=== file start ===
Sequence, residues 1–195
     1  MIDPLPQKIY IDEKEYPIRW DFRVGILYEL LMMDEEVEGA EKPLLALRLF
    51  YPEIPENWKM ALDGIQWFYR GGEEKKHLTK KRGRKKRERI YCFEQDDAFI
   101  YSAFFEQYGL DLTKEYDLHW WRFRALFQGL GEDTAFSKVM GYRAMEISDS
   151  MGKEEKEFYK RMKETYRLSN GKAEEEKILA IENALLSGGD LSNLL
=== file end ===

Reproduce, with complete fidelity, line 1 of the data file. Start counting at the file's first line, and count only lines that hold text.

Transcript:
Sequence, residues 1–195